“Utopia” (14:18) fades in with smoldering guitar, splashing cymbals, and spiraling Moog with a loose, open-cadence pattern. A closed-cadence riff (in E♭) takes hold, followed with polyrhythmic guitar–keyboard jam (in A minor). This signals the theme: a slow, plodding chordal ascent with compound meters. The earlier jam (Am) renews at faster pace, overlaid with stormy keyboards and oozing guitar runs. The two sections (jam and theme) trade off a second time. The third jam has a faster, more fluid feel with hyperactive drums and beaming synth sounds. Midway (6:50) everything fades to a sputtering vortex that signals a slow, heavy lyrical passage, comprised of two stanzas about a “City in my head” and “Heaven in my body” that rises into the sky. Todd’s vocal melody morphs into the next jam: a slow, open-cadence, two chord pattern (Fmaj7… G…) with crying leads, pile-driving drums, and glistening keyboard fills. Applause erupts as the band pauses for another Klingman “cosmic vortex” sequence. Todd (at 10:30) initiates a fast riff-laden sequence (F–C–B♭) over stomping drums and hand claps. This resolves with climactic drum rolls that signals the final two sections: a recap of the theme, interspersed with the main jam.
“Freak Parade” (10:14) fades in from the last track on a jumping ascent (I: G–AA–BC–D…) with alternating meters of six and eight. A waltz forms between two chords (II: Am… Fmaj7…), followed by a hyperactive, noodly bridge. After a pause, a slow passage unfolds with crying guitar over a tranquil two-chord progression (III: F… Cmaj7…) and a complementary bridge (Rundgren would reuse this section for an epic on the third Utopia album). The jumpy intro and waltz sections return. After a second pause, a funky bassline fades in, overlaid with wiggly Moog notes and a contrapuntal guitar figure (IV: variation of II).
A funky sequence of syncopated rhythms and wheezy synth (V) takes hold for the sung section. Todd awakes and joins the “freak parade” — the path of anyone who asserts him–herself and makes things happen in the world. Essentially, he argues that everyone’s a “freak” in his–her own way and those unaware of this phenomenon are the lowest functioning:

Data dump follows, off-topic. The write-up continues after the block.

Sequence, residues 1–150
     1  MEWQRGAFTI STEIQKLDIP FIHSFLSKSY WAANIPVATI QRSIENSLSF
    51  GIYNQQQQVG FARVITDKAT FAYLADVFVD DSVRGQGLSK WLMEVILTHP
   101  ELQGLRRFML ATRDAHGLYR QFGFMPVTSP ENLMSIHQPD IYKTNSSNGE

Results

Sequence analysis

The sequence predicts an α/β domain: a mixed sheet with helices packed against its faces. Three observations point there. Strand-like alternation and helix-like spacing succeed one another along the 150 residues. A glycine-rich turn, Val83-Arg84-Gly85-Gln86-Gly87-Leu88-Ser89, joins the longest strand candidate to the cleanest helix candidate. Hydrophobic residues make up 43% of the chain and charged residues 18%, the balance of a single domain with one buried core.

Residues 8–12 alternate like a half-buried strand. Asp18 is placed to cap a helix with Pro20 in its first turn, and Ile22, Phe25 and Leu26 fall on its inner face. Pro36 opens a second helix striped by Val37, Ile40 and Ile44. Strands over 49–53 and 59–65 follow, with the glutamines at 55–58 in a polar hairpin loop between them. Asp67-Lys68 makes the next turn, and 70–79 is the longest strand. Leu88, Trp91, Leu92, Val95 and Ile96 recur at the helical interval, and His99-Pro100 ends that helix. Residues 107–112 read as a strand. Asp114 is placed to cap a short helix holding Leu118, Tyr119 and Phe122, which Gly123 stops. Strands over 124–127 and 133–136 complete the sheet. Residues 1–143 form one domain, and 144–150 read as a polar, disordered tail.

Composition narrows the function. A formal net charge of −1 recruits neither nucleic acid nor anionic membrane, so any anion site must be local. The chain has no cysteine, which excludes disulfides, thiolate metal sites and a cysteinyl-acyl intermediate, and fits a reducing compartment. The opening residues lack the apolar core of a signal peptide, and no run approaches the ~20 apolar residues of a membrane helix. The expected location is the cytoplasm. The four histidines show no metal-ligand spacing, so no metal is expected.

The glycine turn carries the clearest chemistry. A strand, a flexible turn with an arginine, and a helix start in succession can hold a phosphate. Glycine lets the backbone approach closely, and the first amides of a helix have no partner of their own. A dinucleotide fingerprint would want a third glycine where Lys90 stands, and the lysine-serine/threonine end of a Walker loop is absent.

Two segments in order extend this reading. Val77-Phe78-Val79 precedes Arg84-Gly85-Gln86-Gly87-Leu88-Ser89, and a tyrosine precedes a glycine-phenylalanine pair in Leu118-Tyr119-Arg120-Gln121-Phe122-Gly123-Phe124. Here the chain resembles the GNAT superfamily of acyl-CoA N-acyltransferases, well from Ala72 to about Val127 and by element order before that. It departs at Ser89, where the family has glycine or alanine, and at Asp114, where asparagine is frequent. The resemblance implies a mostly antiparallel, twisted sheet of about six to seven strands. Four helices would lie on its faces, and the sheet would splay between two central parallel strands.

In a world full of freaks
You can creep, you can crawl
But the world’s biggest freak
Is the one with no balls
Once the lyrics end, the tranquil passage (III) returns with vibe-tone electric piano mimicking the earlier guitar line. After another fade (7:22), they enter a fuzzy, rhythmless stretch of oozing free-form sounds and effects. A wind tunnel signals a full-band jam with jazzy drums and piano runs over the two-chord waltz pattern (II). The final section recaps the contrapuntal overlays (IV) and fades out on the funky bassline.
“Freedom Fighters” (4:01) has a bouncy 7/8 intro with a three-note bass pattern (G–B–A). The verse — signaled by a vibrato riff (in low E) and vibraslap — addresses a “prisoner of the mind” who must free his–her suppressed inner-thoughts and feelings. The harmonized bridge uses military drill speak to hammer the message. On the chorus, a flowing chordal descent (Em…D…C…) carries the line “Your reward will come, it’s just a question of how and when.”
Graphic illustrator Haruo Miyauchi (Raices, Roy Ayers Ubiquity) did the album’s cover art, which depicts an eye in the sky with orbiting spheres. The lyrics appear on gradient panels (back) with a tinted, glowing live shot of Utopia.
The assistant engineer, David Le Sage, also worked with Todd on War Babies, the third Hall & Oates album, on which the duo embrace the cosmic sounds and themes of Rundgren’s current work. Le Sage also served as Klingman’s assistant engineer on the 1974 PM release Some Shapes to Come, the debut album by jazz saxophonist Steve Grossman.
Utopia toured nonstop between March 1 and May 18, 1974. In July, they did Pittsburgh and NYC double-bills with Eric Clapton, who Rundgren joined for an encore at Madison Square Garden (7/13). After the album’s release, Utopia did a fall–winter tour of the Northeast, Midwest, and Deep South.
Todd Rundgren’s Utopia reached No. 34 on the Billboard 200. Though the album generated no singles, “Freedom Fighters” appears on the 1975 Warner comp The Force, a four-sided artist sampler with cuts by Deep Purple, Doobie Brothers, Fleetwood Mac, Foghat, Graham Central Station, Jethro Tull, Kenny Rankin, Leo Sayer, Marshall Tucker Band, Montrose, Percy Sledge, Tower of Power, Trapeze, and Van Morrison.
Utopia Mark II
In May 1975, Rundgren released Initiation, a single album that (at 68:11) exceeds the run-time of Todd Rundgren’s Utopia with similar cosmic density. The opening track, “Real Man,” features Klingman, Schuckett, Siegler, and Ellman. Side two consists of “A Treatise on Cosmic Fire,” a multi-movement suite of avant-garde, electronic experimentation that (at 36:00) surpasses “The Ikon” by almost six minutes.
“Treatise” and another track (“Born to Synthesize”) feature synthesizer treatments by Roger Powell, a protégé of Robert Moog responsible for the 1973 Atlantic release Cosmic Furnace, an album of experimental electronic instrumentals. Along with Ellman and Siegler, he also plays on the 1974 album that Rundgren produced by ex-Rascals frontman Felix Cavaliere. Powell joined Utopia in place of Labat, who played on a 1975 album by John Tropea and debuted as a solo artist with the 1976 French Barclay release Underwater Electronic Orchestra.